MUSCAT: The bustling downtowns of the capital are giving way to new urban hotspots, according to those associated with the real estate and retail sectors.
The Central Business District in Ruwi was a sort of a financial hub of the country but its status has been changing since the shifting of Bank Muscat headquarters to Airport Heights followed by the National Bank of Oman (NBO) to Athaiba over the last 15 years.
Ruwi High Street, once a popular shopping district for expatriates, is facing challenges to retain customers as the emergence of one-stop malls in various parts of the city with better facilities such as restrooms and parking spaces.
With most private and government offices shifting their bases to around Bausher, Ghala, Ghubra, and Madinat Al Irfan, their employees also shift homes to avoid long travel hours and save fuel costs, which is no more fully subsidised as it was before.
Speaking to the Observer, an executive with a real estate marketing firm said, “The changes are taking place in line with the demographic shift in the country for some obvious reasons. CBD and Wadi Kabir were getting saturated with limited scope for further development. New plots were made available in the Bausher and Ghala, extending to the Airport Heights (now Madinat Al Irfan), as the accessibility to these places improved with the completion of the Muscat and Batinah Expressway projects.”
With the improvement of road connectivity, Amerat emerged as a favourite destination, evident with the opening of several new retail outlets there.
He added, “These apartments have been built in line with changing requirements for safety (restricted access), multi-story parking, free Wi-Fi, centralised cooling systems, and big glass windows.”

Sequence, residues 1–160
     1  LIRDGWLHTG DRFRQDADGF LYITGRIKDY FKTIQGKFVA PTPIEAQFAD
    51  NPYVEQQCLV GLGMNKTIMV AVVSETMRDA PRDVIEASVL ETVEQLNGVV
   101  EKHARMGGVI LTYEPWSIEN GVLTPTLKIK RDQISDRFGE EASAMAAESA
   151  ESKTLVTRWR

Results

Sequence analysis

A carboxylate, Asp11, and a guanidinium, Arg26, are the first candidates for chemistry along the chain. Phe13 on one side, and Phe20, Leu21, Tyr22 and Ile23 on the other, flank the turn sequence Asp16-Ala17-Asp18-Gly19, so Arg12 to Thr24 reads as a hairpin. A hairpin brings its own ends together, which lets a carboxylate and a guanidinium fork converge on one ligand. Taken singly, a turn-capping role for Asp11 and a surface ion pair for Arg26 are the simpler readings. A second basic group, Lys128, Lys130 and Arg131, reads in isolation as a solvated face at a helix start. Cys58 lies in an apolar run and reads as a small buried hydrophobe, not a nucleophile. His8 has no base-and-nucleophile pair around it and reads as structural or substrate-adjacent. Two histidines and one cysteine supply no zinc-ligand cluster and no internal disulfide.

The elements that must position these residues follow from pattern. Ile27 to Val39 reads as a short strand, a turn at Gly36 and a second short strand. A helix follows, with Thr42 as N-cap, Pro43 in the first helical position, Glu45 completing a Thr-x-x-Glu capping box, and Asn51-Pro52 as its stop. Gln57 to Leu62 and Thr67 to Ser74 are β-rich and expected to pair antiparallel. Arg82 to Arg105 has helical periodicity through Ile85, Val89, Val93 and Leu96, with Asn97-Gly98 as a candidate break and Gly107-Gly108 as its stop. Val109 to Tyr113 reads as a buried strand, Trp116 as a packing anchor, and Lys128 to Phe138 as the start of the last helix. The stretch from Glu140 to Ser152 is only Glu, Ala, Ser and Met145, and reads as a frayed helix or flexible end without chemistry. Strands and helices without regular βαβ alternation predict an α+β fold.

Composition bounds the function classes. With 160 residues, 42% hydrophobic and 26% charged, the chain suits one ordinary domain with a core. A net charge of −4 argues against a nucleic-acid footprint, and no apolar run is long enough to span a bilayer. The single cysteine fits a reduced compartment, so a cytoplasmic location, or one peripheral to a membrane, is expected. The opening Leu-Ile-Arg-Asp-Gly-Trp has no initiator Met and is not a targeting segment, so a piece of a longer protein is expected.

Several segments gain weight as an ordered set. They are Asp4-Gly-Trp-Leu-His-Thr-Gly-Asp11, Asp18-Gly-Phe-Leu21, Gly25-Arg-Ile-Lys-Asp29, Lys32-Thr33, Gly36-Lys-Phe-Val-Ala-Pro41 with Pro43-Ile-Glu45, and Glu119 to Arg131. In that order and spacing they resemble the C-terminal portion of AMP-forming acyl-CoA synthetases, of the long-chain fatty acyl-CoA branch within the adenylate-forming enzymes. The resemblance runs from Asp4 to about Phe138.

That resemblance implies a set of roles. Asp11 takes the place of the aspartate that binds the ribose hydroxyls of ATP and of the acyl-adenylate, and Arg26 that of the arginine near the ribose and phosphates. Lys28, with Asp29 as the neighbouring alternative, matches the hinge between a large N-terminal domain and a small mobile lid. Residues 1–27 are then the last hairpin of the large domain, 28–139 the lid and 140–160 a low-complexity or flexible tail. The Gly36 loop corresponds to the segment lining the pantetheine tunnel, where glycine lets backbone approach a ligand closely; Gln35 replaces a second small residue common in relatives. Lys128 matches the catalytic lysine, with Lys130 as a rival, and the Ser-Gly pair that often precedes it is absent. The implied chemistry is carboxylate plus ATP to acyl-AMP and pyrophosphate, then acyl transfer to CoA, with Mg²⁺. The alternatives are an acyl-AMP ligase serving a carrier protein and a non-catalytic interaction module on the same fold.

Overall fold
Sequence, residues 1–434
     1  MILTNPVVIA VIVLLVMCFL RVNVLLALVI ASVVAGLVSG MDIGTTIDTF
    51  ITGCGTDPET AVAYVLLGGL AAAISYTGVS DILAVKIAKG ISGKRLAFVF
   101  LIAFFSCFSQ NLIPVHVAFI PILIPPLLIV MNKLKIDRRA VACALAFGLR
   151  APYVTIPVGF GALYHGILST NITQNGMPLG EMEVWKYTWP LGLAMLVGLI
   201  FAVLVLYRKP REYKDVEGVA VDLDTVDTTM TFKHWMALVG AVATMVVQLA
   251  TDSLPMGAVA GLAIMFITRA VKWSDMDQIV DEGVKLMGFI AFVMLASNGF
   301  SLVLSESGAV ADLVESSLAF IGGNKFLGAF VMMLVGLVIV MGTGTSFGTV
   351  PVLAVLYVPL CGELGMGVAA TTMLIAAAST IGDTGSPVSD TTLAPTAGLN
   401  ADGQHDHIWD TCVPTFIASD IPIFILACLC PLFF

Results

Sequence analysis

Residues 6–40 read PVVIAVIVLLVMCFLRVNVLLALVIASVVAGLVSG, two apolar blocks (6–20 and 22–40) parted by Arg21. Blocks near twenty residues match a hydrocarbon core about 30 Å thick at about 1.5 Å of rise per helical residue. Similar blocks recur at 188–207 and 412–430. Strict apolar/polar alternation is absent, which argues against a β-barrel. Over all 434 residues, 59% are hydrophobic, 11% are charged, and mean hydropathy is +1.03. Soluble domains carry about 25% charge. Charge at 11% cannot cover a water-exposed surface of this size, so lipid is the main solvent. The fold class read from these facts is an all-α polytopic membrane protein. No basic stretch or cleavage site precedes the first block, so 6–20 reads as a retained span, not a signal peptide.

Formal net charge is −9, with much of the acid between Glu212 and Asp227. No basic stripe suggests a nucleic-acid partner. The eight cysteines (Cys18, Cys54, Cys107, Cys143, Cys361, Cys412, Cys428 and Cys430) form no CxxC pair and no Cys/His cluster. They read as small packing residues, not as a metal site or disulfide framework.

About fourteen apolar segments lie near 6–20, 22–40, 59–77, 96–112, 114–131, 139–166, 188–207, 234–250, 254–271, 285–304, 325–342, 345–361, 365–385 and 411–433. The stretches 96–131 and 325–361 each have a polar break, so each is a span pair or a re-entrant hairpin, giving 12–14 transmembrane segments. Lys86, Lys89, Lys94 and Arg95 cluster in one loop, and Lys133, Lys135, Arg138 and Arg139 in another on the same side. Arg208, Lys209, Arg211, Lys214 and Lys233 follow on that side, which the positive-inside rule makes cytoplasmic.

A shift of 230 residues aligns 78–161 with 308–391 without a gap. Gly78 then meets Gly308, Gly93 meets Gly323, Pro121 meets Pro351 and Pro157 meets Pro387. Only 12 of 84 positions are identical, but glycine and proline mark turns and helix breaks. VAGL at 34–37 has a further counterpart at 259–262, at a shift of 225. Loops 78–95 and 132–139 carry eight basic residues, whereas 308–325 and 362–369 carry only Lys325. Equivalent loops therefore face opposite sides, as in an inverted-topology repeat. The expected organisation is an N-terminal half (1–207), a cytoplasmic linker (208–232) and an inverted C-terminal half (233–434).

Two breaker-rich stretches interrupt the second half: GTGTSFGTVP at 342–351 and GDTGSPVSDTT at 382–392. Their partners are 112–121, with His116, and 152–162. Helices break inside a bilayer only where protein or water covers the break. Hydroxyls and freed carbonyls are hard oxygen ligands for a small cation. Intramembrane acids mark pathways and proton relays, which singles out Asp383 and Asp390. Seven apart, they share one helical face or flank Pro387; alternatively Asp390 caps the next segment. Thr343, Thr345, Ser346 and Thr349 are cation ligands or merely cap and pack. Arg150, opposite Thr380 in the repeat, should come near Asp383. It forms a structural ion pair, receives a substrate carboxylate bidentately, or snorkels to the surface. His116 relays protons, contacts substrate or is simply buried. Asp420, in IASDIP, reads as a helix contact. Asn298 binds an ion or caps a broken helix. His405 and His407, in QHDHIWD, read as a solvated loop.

Young Omanis coming to Muscat for work prefer to stay in Maabella, Amerat, or even Bausher as it is easy to get out of the city during the weekend to their family homes.
Since 2016 as the government deregulated fuel prices, motorists have started considering that in daily travel costs.
“My office was shifted to Rusayl from Wadi Kabir a year ago, which means I must travel nearly 100 km a day in 1.5 hours during peak time. By moving to Ghala, I can cut the travel costs and time by almost half,” Linson Joseph, a resident of Darsait.
With the opening of an Indian school in Bausher and admissions easily available, he said concerns over shifting schools have been taken care of too.
Several restaurant chains have shifted branches from Ruwi, CBD, and even Al Khuwair to Maabella, Al Khoudh and Ghubra in line with the demographic shift.
According to a source in Muscat Municipality, “A number of buildings in Ruwi, Wadi Kabir and Muttrah areas are nearly 30 to 40 years old, they need to be demolished, redeveloped or totally refurbished, which will take a couple of years.”
The redevelopment of these areas will be done as per the master plan for the Sustainable Greater Muscat, which also covers Barka. “Muttrah will be developed as a primary tourism district with several projects in the pipeline.”